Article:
Among the art pieces in one of the rooms of Nellieville, at Nervous Nellie’s Jams & Jellies, are two doll heads on a table. I suppose you could admire the craftsmanship of the dolls’ creators, or consider the different artistic messages that might be conveyed by making doll heads part of the composition — but not me.
Doll heads give me the creeps, and I’m not sure exactly why. Is it the wide, staring, unblinking eyes? Is it the fact that they’ve been dismembered? Is it the placid, vacant, painted-on expression?
I’m not sure, exactly, but I know that the presence of doll heads interferes with my full appreciation of art.
When you’re killing time during a long layover in an airport, and a Hudson News is the only non-fast food place to visit, you tend to check out the magazine rack. So, what does the generic airport magazine rack tell you?
First, it tells you that magazines aren’t exactly thriving. The current magazine rack is pretty shrimpy by comparison to the full wall of magazines you found in the old days. Airport book options are shrinking, too.
Second, it suggests that modern Americans aren’t all that interested in serious reading. Once you go past The Economist, you’ve pretty much exhausted the serious reading category. Time and Newsweek have become the print equivalent of clickbait and don’t even try to present themselves as serious journalism. The rest of the shelves are devoted to the celebrity culture and the Royals — which is pretty much the same thing. How many interviews with, say, Taylor Swift is a person going to read?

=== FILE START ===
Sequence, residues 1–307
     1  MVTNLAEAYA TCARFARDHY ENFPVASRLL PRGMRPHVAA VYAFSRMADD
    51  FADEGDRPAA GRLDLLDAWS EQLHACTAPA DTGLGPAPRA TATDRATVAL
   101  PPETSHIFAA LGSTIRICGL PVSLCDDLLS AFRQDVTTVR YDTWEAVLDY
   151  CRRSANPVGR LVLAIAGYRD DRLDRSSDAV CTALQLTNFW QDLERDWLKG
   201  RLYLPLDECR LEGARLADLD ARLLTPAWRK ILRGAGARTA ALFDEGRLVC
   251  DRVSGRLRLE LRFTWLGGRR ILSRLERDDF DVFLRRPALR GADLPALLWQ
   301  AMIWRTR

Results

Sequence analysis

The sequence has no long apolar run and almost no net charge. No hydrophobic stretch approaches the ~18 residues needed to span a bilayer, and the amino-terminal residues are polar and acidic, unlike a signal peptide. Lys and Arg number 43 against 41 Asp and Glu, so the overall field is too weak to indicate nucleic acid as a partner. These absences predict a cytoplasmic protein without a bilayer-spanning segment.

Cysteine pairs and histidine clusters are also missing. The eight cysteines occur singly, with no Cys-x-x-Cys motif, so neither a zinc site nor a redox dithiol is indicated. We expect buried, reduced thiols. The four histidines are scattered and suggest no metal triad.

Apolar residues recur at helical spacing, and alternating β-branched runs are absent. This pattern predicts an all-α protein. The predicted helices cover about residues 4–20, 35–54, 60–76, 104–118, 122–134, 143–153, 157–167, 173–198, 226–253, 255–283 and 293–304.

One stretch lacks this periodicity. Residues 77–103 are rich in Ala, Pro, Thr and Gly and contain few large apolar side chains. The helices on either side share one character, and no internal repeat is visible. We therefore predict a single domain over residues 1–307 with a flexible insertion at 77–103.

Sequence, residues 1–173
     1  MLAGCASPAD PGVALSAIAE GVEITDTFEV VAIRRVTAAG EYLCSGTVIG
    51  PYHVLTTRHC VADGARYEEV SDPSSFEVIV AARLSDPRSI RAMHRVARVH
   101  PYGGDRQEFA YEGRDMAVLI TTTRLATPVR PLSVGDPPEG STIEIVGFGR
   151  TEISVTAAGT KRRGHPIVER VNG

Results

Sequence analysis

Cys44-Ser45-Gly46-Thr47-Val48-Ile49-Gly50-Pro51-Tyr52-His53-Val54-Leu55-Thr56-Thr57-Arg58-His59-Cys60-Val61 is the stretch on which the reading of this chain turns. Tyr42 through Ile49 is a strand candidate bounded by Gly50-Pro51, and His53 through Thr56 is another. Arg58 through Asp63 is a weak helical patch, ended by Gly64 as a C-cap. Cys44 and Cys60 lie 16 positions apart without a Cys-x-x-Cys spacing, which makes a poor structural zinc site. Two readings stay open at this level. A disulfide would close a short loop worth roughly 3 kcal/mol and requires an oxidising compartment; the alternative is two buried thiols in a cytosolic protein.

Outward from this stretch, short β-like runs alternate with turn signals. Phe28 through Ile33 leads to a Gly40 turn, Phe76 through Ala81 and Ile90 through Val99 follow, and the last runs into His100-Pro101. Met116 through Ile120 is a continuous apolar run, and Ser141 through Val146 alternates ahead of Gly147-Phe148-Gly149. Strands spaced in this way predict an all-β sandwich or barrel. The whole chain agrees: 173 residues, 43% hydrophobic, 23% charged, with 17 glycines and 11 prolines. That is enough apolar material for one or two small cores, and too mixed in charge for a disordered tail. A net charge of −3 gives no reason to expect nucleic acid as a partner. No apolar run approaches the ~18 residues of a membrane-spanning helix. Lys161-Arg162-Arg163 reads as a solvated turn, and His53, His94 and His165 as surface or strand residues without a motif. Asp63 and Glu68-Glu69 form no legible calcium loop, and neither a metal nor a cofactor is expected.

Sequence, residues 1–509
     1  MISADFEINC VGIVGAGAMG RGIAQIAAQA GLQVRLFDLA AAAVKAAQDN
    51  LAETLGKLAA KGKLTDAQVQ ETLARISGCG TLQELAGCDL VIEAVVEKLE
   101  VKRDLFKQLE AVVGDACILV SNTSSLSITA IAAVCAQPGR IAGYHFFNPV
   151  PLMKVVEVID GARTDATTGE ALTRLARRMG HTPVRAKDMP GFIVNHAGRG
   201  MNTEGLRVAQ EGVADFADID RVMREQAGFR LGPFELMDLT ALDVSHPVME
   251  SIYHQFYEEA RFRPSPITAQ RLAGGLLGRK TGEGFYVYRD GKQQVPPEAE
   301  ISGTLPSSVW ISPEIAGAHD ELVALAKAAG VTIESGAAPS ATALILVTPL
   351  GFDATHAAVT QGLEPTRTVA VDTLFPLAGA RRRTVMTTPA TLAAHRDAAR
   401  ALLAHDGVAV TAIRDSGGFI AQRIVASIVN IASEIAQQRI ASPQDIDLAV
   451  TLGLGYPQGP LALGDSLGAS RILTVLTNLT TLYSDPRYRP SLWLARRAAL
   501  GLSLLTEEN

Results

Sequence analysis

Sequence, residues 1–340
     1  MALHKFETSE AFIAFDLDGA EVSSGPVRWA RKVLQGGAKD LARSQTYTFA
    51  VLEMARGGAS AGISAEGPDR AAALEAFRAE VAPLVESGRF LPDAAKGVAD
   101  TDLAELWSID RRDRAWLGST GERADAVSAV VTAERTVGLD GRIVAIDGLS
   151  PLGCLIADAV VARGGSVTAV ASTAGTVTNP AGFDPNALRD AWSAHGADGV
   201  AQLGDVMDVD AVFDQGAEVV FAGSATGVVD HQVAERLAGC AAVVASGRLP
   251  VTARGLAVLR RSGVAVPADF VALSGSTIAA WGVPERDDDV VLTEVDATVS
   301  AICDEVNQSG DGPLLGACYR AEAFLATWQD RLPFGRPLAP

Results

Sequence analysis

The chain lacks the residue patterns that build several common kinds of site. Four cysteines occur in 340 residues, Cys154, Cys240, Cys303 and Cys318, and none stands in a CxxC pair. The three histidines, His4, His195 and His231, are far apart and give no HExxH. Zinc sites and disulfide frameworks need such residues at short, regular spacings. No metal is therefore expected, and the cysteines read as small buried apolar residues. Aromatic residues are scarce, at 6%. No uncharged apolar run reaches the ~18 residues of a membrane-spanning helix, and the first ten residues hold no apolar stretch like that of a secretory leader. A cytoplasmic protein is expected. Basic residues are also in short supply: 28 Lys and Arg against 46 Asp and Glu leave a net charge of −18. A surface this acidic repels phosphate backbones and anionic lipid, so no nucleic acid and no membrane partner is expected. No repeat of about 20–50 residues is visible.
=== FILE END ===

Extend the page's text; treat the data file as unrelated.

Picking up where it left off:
And third, has any celebrity couple been the subject of a longer run in the romantic speculation/break-up/make-up category than Jennifer Aniston and Brad Pitt? Didn’t they first hit the gossip rags more than 20 years ago? And yet here they are, the subject of rumor and speculation and disclosures by purported insiders. In the history of American popular culture, is there any other couple that has had greater tittle-tattle staying power than these two?
I’ve been on the road a lot recently, and I feel like it’s had an impact on my normal routines. I’ve moved back and forth between time zones, spent a lot of time on planes, gotten up at odd hours (even for me) and stayed up later than normal, and am no longer on the schedule that I’ve typically followed.
And I’m feeling all of that, too. My circadian rhythms are out of whack and off kilter. I feel like an old golf ball that has lost its crisp bounce and now is just landing on the fairway or in the rough with a pathetic, disappointing thud.
The hoary saying is that you are only as old as you feel. Of course, that saying suggests that there are times when you do feel older, and are reminded by mind and body that you’re not the spring chicken you used to be. The realization that your rebound process seems to be taking a lot longer now than it did in the past is one of those times. But right now I’m just too tired to care.
Is any punctuation mark more misused than the poor apostrophe? How often do you see a sign, like this one in downtown Columbus, where an apostrophe has been weirdly inserted for some mysterious reason, causing inevitable confusion? In this case, are multiple condos for lease, or is the sign supposed to communicate a contraction of “condo is for lease”? And don’t get me started on whether there’s a person named “Condo” involved in some fashion and there is supposed to be any possessive element to what is being conveyed.
It’s amazing how many commercial signs have apostrophe errors. If you are going to put up a big sign about something for sale, wouldn’t you also invest in a proofreader?
Tomorrow Russia will be sending a humanoid robot into space. The robot will be one of the passengers on a Soyuz capsule that will take the robot and other crew members to the International Space Station. Once there, the robot will perform certain tasks under the direction and supervision of a Russian cosmonaut.